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NRDC and StoryCorps Bring You Oral Histories of Gulf Life After BP

Six months after the fatal Deepwater Horizon explosion, NRDC and StoryCorps have partnered to bring oral histories of life in the post-BP gulf.

[youtube]http://www.youtube.com/watch?v=1ZWzxBFIKvE&feature=player_embedded

On this very sad anniversary, as six months have passed since the tragic and fatal explosion that set off the long, slow Deepwater Horizon catastrophe, the Natural Resources Defense Council have partnered with StoryCorps and Bridge the Gulf to bring us stories of Gulf state residents "living with the BP oil disaster."

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Creek Speak: Google Mapping True Stories of Life Near an Environmental Disaster

A new tool for spreading oral histories of New Yorkers living near one of the country's most secretly polluted places.

If you like oral histories, neat new uses of geographic tools, and care at all about environmental justice, then you'll probably love this new Creek Speak: Voices from Newtown Creek project as much as I do. Created as a collaboration between the Newtown Creek Alliance and HabitatMap, Creek Speak is fascinating way to learn about the troubles plaguing the neighborhoods around one of the newest Superfund sites.

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Art Therapy for a City on the Mend

\r\n\r\nNot long ago, if you had stood at the edge of Detroit and looked south– across the river to the neighboring city of Windsor, Ontario– you ...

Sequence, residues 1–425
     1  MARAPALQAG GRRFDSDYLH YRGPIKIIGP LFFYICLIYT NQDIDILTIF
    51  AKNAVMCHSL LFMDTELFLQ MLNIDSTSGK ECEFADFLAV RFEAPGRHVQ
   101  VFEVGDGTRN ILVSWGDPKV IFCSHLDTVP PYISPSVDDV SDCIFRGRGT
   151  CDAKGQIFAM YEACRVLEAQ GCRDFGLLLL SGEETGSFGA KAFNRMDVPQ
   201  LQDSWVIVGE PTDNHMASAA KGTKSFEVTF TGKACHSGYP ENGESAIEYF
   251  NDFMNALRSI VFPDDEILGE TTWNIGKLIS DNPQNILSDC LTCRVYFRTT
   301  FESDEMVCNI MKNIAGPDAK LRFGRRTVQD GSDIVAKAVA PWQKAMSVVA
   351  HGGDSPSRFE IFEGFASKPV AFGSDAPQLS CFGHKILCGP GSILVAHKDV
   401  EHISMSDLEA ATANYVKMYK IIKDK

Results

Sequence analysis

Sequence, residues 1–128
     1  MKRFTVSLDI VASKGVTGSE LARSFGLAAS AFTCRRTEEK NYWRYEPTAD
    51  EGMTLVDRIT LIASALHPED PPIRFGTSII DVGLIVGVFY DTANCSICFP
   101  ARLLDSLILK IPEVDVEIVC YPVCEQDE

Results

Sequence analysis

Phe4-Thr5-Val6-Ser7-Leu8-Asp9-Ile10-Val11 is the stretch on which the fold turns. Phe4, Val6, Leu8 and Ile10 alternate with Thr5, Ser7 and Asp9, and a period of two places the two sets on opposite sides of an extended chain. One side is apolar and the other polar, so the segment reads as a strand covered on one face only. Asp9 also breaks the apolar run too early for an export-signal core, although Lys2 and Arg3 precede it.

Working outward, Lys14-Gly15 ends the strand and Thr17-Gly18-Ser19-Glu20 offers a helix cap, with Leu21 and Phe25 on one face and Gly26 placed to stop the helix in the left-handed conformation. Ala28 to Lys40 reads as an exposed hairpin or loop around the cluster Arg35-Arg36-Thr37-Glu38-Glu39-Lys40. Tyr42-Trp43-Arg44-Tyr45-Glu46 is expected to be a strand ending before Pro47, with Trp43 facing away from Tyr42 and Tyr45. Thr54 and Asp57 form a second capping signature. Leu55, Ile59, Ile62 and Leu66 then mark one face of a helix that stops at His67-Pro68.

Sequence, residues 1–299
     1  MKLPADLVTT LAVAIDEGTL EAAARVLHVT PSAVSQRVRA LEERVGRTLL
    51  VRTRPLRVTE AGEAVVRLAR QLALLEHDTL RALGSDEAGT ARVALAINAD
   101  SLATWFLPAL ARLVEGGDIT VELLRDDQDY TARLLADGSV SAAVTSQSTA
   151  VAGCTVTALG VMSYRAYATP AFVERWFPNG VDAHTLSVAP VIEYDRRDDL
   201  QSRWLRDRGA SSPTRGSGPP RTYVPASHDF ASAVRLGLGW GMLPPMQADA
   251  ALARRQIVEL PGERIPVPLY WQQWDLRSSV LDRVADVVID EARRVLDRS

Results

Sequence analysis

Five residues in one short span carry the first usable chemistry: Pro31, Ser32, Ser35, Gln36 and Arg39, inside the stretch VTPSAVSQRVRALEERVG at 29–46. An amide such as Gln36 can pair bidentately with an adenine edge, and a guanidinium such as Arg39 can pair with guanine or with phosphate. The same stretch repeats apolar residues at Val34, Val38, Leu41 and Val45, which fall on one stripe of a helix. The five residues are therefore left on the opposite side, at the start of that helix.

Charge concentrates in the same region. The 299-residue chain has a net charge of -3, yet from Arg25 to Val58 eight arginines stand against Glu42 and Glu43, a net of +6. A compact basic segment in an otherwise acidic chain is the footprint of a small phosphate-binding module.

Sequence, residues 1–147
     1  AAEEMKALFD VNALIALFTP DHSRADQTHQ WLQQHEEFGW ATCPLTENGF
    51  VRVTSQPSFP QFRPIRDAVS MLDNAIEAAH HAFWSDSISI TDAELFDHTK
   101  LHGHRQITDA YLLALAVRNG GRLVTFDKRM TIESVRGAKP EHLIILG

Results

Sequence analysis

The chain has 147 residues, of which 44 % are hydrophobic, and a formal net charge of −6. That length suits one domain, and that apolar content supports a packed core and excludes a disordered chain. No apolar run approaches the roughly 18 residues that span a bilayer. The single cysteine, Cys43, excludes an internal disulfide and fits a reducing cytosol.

Not long ago, if you had stood at the edge of Detroit and looked south– across the river to the neighboring city of Windsor, Ontario– you might have spotted an odd but fascinating, billboard-sized projection. "We're in this together," it beamed in thick block letters. Using a borrowed projector and Windsor's riverside Chrysler building as canvas, Justin Langlois and his posse from Broken City Lab launched their Cross Border Communication project in the Fall of 2009 with a series of dispatches for the people of Detroit. "The message was meant to be read in a few different ways," says Langlois. "It's both we need to work on things together and we kind of screwed each other… so we're in this together."Windsor's co-dependent relationship with its once-booming and now-failing sibling city has been both blessing and curse. Both cities lead their countries in unemployment rates and Windsor has the highest residential rental vacancy rates in Canada. Langlois founded Broken City Lab as a way to explore the transnational intertwining of these two towns, and chart a path forward for Windsor.Founded in 2008 as Langlois' graduate thesis project at the University of Windsor, Broken City Lab now has six members ranging in age from 18 to 26. It's an artist-led urban improvement group–a sort of art therapy collective for a city in need of triage.In the same way that groups like Object Orange call attention to blighted buildings throughout Detroit, Broken City Lab uses idealistic interventions to draw attention to some of Windsor's very real problems. For "Text in Transit," the group partnered with Windsor Transit and other city agencies to make use of underutilized ad space to address Windsor's reputation as a stopover city. All over town, signs read There is a future here, You are right where you need to be, and The automobile can only take us so far. In "100 Ways to Save the City," locals texted, tweeted, and emailed their ideas to be projected onto a building in downtown Windsor.If Langlois is lofty in his vision, he is also pragmatic in his goals. "I hope [the lab] can continue to keep me and the people involved interested and wanting to talk about this place where we live," he says. "I hope we can initiate that conversation for the city."The lab's upcoming initiative, a five-month long dialogue with Windsor funded by the Ontario Arts Council, begins in earnest this Sunday, January 24 with a workshop aimed at collecting oral histories of Windsor. In February, Broken City Labs will launch "Sites of Apology/Sites of Hope," and call on residents to map and mark places that deserve attention. "We have a scrap yard at the center of the city," says Langlois. "You can see it as a big rusty spot on the Google map and it's been there forever. I don't want to say to my brother's children 20 years from now, ‘my bad, sorry we didn't take care of that."This post originally appeared on www.refresheverything.com, as part of GOOD's collaboration with the Pepsi Refresh Project, a catalyst for world-changing ideas. Find out more about the Refresh campaign, or to submit your own idea today.
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